Some effects of some medications
If you are taking any medications that cause dry mouth as a side effect, you are more likely to get tooth decay. The reason for that is saliva protects your teeth from damaging factors like acids from certain foods or drinks. So keep this in mind if you start these medications. Also, get in touch with your dentist to get some advice on what to do to avoid cavities.
You have a compromised immune system
If an underlying condition compromised your immune system, this could make tooth decay or infections in the mouth form easier.
Getting a cavity with your veneers because of a weakened immune system or gum disease, your dentist would have advised you to not get veneers done at your initial consultation. If your dentist did not identify as a high-decay risk patient by your dentist, you do not need to extra worry about cavities.
However, there are still some precautions you can take for cavities to not occur.
What to do in order to prevent cavities from forming underneath your veneers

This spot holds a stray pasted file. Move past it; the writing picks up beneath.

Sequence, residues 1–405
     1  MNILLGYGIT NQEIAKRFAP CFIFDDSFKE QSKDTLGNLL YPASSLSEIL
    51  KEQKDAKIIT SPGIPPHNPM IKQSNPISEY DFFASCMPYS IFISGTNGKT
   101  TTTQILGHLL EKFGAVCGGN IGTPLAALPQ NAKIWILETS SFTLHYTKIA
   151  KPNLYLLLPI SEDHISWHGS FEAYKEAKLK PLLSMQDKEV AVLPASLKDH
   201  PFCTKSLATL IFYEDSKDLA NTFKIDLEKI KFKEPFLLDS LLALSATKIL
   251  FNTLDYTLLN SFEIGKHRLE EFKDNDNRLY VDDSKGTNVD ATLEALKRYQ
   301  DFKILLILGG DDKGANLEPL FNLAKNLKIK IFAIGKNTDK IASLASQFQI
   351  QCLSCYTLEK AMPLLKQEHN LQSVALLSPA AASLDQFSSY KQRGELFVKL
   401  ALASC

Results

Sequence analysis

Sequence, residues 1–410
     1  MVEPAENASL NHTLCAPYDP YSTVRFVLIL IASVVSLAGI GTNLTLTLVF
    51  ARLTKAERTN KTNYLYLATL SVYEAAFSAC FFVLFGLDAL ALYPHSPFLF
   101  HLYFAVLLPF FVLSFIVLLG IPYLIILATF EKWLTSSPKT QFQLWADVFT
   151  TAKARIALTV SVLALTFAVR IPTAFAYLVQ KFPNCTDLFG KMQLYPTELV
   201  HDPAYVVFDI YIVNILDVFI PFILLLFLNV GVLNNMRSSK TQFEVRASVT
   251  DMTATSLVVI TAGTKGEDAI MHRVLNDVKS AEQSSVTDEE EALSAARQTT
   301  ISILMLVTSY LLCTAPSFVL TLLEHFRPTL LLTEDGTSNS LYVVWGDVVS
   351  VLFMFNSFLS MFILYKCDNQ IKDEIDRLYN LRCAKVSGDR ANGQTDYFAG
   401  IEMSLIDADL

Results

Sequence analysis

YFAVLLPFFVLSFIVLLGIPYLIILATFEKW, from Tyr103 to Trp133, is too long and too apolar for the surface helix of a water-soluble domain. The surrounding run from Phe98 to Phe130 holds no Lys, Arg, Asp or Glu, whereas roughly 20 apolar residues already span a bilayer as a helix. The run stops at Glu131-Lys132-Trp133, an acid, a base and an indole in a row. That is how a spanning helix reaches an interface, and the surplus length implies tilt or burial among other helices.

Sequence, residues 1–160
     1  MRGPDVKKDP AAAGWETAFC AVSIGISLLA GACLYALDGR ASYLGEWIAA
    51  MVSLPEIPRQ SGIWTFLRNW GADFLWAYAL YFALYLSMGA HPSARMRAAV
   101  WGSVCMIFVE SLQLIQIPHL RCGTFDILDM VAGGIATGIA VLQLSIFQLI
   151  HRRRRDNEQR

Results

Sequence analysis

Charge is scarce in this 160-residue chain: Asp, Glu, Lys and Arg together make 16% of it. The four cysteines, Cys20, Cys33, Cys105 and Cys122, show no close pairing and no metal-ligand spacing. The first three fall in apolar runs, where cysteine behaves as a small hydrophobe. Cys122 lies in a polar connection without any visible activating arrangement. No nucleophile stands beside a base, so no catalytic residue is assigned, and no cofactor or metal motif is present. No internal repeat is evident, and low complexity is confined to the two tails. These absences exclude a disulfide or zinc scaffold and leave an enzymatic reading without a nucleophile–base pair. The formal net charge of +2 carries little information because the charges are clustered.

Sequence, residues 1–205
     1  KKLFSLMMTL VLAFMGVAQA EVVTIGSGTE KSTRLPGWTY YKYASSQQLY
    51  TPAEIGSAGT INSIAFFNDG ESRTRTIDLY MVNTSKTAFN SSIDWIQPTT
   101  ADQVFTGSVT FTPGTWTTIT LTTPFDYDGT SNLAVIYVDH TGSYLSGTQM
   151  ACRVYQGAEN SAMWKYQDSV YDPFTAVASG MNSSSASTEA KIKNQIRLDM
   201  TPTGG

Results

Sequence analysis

You can protect your porcelain veneers and prevent cavities to form through good oral hygiene practices. However, there are a few extra things to keep in mind in addition to brushing and flossing every day. Here are some tips that can help you not get cavities after veneers:
- Use the right hygiene products: Use non-abrasive fluoride toothpaste to protect your porcelain veneers and the bonding agents.
- Don’t bite down on hard food or objects: Cracks on your veneers might cause cavities to form in between them. Various studies have indicated that the main reason for the failure of veneers is a ceramic fracture. (Beier et al., (2011)
- Wear a mouth guard: If you have parafunctional habits like bruxism or playing contact sports, make sure you wear a mouth guard. This prevents chipping and cracking, which could cause cavities to form.